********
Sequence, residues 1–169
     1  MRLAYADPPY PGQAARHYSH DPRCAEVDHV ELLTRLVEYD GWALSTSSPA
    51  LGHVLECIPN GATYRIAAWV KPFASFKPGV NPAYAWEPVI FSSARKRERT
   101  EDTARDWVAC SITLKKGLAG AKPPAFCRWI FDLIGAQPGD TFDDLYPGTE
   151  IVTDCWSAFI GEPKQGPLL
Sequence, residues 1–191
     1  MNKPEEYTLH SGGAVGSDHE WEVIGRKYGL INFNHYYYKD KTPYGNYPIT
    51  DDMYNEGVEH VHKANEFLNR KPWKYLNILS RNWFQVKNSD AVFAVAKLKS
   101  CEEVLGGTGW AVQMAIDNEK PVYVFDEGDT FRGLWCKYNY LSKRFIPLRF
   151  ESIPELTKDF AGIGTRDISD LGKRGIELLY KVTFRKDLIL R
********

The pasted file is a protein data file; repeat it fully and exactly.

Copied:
Sequence, residues 1–169
     1  MRLAYADPPY PGQAARHYSH DPRCAEVDHV ELLTRLVEYD GWALSTSSPA
    51  LGHVLECIPN GATYRIAAWV KPFASFKPGV NPAYAWEPVI FSSARKRERT
   101  EDTARDWVAC SITLKKGLAG AKPPAFCRWI FDLIGAQPGD TFDDLYPGTE
   151  IVTDCWSAFI GEPKQGPLL
Sequence, residues 1–191
     1  MNKPEEYTLH SGGAVGSDHE WEVIGRKYGL INFNHYYYKD KTPYGNYPIT
    51  DDMYNEGVEH VHKANEFLNR KPWKYLNILS RNWFQVKNSD AVFAVAKLKS
   101  CEEVLGGTGW AVQMAIDNEK PVYVFDEGDT FRGLWCKYNY LSKRFIPLRF
   151  ESIPELTKDF AGIGTRDISD LGKRGIELLY KVTFRKDLIL R